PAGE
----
Exploring the Symptoms and Causes of Autism

It’s always difficult to understand what the causes of autism are when your child is diagnosed with autism, it can be a scary and confusing time. But for most parents, the fear and confusion fades quickly, and is replaced with a strong desire to learn as much about autism as possible.

Here we’ll talk about what autism is, the symptoms of autism, and some of the leading ideas about what the causes of autism are. There is also some related information on Asperger syndrome that may be helpful.

Autism is a brain disorder that affects the brain’s development of social and communication skills. Generally diagnosed in the first three years of life, with early treatment those with autism can reach their full potential and live happy and productive lives, in spite of the challenges that autism presents.


If your child has been diagnosed with autism, you already know that the symptoms include delayed speech, the appearance of deafness (despite normal hearing tests), a lack of eye contact, and repeated and/or overused behaviors. But despite these “typical” symptoms, there is no typical type of autism.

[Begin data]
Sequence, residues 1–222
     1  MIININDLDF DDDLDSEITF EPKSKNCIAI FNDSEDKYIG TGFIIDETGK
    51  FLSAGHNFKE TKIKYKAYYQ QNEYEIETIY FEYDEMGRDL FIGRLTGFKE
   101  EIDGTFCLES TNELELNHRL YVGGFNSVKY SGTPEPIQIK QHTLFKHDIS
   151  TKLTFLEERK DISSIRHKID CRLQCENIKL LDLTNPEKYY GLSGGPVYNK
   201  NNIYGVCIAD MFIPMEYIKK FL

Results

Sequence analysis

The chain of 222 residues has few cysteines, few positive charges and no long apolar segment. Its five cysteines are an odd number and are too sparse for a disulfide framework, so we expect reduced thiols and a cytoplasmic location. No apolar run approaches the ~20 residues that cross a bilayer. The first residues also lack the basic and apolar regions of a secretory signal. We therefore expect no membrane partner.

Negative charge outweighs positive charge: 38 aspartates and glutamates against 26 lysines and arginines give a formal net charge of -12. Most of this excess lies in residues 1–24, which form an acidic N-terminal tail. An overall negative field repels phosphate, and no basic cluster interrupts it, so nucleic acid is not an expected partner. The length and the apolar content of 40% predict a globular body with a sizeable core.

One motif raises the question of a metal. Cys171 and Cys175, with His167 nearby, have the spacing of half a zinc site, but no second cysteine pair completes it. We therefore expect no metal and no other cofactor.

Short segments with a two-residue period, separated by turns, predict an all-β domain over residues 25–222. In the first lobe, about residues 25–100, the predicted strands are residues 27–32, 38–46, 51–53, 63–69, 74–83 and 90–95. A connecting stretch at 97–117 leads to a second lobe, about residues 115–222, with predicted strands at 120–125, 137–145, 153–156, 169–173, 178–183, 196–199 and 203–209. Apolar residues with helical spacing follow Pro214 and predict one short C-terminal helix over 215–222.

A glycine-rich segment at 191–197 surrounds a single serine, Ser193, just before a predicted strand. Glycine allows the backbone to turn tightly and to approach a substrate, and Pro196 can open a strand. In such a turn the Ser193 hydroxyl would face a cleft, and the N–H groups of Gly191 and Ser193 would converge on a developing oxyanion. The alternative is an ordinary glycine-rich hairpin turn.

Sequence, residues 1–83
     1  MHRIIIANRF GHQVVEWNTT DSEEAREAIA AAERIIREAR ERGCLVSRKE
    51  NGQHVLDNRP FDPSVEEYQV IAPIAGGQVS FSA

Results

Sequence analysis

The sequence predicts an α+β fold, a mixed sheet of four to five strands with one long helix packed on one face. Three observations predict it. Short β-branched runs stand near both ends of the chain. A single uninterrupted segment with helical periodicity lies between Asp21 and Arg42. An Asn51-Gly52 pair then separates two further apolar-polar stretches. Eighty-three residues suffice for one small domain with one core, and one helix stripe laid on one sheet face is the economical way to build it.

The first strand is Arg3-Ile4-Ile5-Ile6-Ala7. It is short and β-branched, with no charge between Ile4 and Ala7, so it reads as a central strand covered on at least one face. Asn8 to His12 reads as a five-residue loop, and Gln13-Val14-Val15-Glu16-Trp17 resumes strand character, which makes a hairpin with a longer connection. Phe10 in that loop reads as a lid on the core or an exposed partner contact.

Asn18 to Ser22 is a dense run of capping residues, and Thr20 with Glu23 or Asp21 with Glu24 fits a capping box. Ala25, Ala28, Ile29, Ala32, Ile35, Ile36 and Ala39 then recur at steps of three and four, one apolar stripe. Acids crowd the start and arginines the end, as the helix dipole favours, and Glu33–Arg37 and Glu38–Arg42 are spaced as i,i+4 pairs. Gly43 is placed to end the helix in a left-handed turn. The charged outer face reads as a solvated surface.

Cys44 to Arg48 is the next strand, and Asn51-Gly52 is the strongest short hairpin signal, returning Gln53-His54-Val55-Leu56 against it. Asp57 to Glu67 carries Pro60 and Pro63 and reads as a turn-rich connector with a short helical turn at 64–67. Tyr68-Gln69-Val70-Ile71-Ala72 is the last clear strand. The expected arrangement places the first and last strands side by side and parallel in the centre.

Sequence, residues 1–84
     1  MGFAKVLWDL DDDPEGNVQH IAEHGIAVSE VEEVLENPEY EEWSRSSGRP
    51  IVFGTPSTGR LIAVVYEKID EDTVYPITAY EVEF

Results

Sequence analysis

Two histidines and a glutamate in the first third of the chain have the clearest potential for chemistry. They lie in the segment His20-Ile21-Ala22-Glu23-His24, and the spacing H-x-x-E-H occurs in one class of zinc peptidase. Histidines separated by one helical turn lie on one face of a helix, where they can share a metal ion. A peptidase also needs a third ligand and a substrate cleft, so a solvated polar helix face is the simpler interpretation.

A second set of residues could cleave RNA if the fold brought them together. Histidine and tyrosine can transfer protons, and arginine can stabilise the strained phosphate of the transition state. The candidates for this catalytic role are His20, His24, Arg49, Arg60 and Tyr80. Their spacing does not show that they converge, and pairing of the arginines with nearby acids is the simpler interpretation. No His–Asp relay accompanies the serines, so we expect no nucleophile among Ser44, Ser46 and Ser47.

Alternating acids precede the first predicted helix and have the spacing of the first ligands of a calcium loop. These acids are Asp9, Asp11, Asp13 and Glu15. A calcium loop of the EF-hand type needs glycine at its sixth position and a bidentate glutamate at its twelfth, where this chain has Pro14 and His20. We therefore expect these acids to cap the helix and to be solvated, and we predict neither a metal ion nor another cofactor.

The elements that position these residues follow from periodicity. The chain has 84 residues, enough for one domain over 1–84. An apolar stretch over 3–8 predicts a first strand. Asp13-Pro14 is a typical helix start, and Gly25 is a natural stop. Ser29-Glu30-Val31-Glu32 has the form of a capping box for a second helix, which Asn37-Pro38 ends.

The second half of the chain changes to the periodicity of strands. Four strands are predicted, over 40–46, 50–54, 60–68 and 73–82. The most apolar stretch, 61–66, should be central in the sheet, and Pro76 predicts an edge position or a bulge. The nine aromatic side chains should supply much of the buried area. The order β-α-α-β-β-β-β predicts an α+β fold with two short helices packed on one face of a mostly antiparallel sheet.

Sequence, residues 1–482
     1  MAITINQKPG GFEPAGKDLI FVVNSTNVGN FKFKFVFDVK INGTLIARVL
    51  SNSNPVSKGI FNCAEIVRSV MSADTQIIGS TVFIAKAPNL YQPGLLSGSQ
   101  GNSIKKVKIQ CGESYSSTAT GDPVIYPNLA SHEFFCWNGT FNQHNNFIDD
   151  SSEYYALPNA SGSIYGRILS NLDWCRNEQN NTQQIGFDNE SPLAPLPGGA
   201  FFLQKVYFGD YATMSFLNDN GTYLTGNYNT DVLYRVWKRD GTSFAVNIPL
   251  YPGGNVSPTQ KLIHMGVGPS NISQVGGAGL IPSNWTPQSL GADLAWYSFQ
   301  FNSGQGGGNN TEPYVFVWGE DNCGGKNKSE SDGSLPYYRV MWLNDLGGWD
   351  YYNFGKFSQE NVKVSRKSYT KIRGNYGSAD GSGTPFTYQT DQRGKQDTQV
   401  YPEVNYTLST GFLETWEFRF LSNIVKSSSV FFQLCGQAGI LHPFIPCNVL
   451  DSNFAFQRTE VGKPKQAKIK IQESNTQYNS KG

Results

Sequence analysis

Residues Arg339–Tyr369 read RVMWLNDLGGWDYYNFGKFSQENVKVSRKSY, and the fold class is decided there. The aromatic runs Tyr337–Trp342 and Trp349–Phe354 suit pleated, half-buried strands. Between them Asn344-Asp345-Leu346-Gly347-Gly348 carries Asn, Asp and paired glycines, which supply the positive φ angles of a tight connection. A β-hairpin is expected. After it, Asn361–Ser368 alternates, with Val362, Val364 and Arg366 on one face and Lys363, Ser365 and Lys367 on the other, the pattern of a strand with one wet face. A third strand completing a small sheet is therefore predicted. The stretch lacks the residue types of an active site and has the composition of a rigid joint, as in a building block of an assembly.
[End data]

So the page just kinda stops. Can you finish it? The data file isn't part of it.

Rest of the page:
Symptoms and behaviors are varied from person to person, and can range from very mild to very severe.

Despite numerous, ongoing studies, no specific causes of autism have yet been identified. However, because autism tends to run in families, researchers believe that it has a genetic component, and are working to identify what that component might be. Other causes of autism have been suggested, including:

  • Diet
  • Changes in the digestive tract
  • Mercury poisoning
  • A body’s inability to properly use vitamins and minerals
  • Sensitivity to vaccines

None of these causes have been proven or disproven by research, except for the last one.

Controlled, scientific studies have shown that vaccines (namely the MMR vaccine) do not cause autism, and that there are dangerous, severe risks associated with not vaccinating your child. So rest assured that the vaccinations your child had as an infant had nothing to with him or her developing autism.

Since research is still trying to identify what the causes of autism are, it’s not important to focus on where it came from.

As a parent, what is important to focus on is ways to help your autistic child learn to interact with others. This will include behavioral therapy, and sometimes physical and speech therapy as well.

Medication is also used sometimes to treat disorders that commonly occur alongside autism, such as depression. Talk with your child’s doctor about the appropriate treatment, and find an autism support group for ideas and support.

Understanding the causes of autism can go a long way to helping you understand, and ultimately help your child develop.